VA bosses in 7 states falsified vets’ wait times for care (USA Today)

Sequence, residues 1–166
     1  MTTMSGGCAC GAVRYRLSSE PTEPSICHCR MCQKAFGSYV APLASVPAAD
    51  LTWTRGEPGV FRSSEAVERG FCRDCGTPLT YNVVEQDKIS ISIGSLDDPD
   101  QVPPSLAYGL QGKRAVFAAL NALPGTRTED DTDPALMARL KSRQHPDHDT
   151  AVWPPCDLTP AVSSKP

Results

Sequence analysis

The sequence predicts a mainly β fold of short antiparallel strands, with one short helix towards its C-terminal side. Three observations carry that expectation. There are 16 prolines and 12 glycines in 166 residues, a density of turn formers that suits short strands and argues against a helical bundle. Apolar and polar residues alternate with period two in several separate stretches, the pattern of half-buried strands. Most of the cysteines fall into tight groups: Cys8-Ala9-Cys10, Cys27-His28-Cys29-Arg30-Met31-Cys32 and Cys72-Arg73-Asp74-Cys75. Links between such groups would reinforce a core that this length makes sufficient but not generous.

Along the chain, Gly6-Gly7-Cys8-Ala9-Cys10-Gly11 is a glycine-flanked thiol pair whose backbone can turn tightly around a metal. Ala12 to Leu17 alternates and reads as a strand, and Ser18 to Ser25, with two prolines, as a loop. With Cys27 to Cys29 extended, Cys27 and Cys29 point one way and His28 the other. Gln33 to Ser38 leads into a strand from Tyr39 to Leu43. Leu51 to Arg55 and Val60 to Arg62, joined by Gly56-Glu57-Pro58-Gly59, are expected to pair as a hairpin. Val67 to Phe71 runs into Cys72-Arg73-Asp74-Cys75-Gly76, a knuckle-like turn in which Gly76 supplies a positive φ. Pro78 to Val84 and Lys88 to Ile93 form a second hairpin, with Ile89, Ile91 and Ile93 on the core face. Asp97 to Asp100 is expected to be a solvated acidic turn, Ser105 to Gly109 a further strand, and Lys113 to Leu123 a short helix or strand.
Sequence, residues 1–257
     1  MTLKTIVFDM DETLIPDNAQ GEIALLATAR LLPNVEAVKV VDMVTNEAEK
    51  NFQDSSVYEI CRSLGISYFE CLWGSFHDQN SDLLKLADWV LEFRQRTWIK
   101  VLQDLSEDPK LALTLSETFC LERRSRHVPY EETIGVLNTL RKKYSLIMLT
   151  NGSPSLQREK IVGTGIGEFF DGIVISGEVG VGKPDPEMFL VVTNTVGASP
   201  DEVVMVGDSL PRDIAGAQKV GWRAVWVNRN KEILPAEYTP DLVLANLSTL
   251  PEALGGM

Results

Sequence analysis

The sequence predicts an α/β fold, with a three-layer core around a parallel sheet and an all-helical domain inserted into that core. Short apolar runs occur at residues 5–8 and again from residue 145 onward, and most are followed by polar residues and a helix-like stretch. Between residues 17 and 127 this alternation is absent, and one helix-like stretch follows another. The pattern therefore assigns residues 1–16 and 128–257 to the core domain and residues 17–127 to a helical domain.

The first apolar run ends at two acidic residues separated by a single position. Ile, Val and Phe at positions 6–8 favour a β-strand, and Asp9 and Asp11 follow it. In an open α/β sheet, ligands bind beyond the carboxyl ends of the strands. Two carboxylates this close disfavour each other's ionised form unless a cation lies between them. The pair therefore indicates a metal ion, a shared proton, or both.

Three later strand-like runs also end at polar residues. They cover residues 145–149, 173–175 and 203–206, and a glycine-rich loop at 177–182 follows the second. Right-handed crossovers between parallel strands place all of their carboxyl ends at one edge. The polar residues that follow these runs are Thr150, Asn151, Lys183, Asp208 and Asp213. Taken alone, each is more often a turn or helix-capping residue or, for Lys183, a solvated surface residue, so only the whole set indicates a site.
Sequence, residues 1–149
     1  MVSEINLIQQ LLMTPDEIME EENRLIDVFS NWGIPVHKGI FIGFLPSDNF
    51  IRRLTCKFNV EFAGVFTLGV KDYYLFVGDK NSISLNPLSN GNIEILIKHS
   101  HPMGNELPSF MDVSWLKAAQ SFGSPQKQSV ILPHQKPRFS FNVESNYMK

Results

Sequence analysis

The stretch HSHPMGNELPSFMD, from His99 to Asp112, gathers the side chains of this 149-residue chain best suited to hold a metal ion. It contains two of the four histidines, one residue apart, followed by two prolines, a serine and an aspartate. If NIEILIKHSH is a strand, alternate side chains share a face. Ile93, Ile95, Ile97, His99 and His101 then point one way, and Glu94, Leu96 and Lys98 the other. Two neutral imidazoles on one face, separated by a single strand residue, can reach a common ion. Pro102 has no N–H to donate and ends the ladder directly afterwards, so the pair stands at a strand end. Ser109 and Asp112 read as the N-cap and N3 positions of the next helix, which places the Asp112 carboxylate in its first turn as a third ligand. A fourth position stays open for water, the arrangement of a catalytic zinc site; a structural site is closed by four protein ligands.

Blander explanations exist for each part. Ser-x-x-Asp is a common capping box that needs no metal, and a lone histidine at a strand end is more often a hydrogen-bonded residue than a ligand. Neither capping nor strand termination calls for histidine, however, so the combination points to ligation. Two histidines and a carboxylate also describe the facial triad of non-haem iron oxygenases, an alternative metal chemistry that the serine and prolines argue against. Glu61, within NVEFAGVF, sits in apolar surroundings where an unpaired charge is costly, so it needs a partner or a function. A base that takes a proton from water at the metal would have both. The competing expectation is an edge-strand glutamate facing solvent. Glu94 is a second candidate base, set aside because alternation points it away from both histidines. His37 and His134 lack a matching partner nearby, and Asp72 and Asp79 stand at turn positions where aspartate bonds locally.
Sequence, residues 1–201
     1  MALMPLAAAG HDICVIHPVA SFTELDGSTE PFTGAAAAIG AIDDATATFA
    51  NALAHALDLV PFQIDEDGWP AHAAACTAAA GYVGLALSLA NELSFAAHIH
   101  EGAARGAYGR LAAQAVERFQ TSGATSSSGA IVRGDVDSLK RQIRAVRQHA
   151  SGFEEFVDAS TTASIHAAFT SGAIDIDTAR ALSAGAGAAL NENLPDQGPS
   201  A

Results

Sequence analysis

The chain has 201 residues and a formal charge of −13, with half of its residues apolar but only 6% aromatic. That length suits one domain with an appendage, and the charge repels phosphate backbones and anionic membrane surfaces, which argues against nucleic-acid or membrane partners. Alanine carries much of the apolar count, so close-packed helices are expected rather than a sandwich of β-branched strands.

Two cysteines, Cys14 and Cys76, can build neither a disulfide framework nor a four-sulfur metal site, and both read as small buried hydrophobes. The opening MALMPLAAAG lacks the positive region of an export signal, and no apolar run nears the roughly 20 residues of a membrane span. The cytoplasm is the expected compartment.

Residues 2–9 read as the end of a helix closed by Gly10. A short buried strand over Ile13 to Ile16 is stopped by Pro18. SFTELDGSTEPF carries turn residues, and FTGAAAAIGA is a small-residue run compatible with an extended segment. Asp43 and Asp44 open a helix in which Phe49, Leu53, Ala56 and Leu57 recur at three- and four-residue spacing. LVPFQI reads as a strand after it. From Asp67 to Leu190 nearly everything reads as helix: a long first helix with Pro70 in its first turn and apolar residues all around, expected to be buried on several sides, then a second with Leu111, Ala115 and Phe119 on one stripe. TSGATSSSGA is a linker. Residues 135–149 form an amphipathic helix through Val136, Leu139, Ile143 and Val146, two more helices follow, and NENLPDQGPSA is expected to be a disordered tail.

Supervisors instructed employees to falsify patient wait times at Veterans Affairs’ medical facilities in at least seven states, according to a USA TODAY analysis of more than 70 investigation reports released in recent weeks. Overall, those reports — released after multiple inquiries and a Freedom of Information Act request — reveal for the first time specifics of widespread scheduling manipulation. Employees at 40 VA medical facilities in 19 states and Puerto Rico regularly “zeroed out” veteran wait times, the analysis shows. In some cases, investigators found manipulation had been going on for as long as a decade. In others, it had been just a few years. In many cases, facility leaders told investigators they clamped down the scheduling improprieties after the Phoenix scandal, but in others, investigators found they had continued unabated.The manipulation masked growing demand as new waves of veterans returned from wars in Iraq and Afghanistan and as Vietnam veterans aged and needed more health care. In 2014, The Arizona Republic, part of the USA TODAY NETWORK, and other media revealed scheduling manipulation at Phoenix VA Medical Center and that dozens of veterans died while waiting for care. Subsequent reporting that year showed that similar problems extended nationwide. Investigators had said manipulation was “systemic,” but they did not identify which facilities had problems and how serious they were. The inspector general soon launched investigations of more than 100 facilities. The newly released findings of those probes show that supervisors instructed schedulers to manipulate wait times in Arkansas, California, Delaware, Illinois, New York, Texas and Vermont, giving the false impression facilities there were meeting VA performance measures for shorter wait times. In some cases, the system encouraged manipulation even without explicit instruction from supervisors. A manager in West Palm Beach, Fla., sent out laudatory emails touting the shorter wait times the system showed. Schedulers in Harlingen, Texas, reported being berated by supervisors when they booked appointments showing longer wait times for veterans. (It was “not pretty,” one employee said.) In some cases — in Gainesville, Fla., White River Junction, Vt., and Philadelphia, for example — they found VA employees improperly kept lists of veterans needing care outside the scheduling system, a violation that also hid actual wait times. Roughly half of the 70 newly released reports are from investigations completed more than a year ago, and the VA says it already initiated discipline against 29 people — three of whom left the agency — because of the findings. The agency said it has retrained thousands of schedulers and is updating software to make it easier for them to book appointments properly. A pilot program at 10 facilities allows veterans to book their own appointments, and the VA expects to roll that out nationwide, according to David Shulkin, a physician who took over as undersecretary for health at the VA in June. Shulkin told USA TODAY he also initiated two massive, same-day efforts to try to provide care sooner for more than 100,000 veterans, and he said the agency also has increased capacity to get wait times down. … But VA whistle-blowers say schedulers still are manipulating wait times. Shea Wilkes, co-director of a group of more than 40 whistle-blowers from VA medical facilities in more than a dozen states, said the group continues to hear about it from employees across the country who are scared to come forward. … This is not the first time the VA has said it would fix problems with scheduling. When the inspector general found in 2005 that VA schedulers were improperly booking appointments — and wait lists were therefore underestimated by as many as 10,000 veterans — the agency initiated a “national education plan” to retrain schedulers and supervisors. In 2010, VA officials discovered schedulers were using “gaming strategies” to falsify wait times to meet agency performance targets, and they required all schedulers to undergo new training, once again. In the newly released reports, investigators found schedulers were using the same strategies. Most commonly, schedulers would start the wait clock on the day of the appointment they were booking rather than when the veteran wanted to be seen. The system then showed there was no wait time even if the veteran had to wait weeks or months for an appointment. … As recently as October, the Government Accountability Office said the VA’s wait-time system still is prone to scheduler error and produces unreliable data.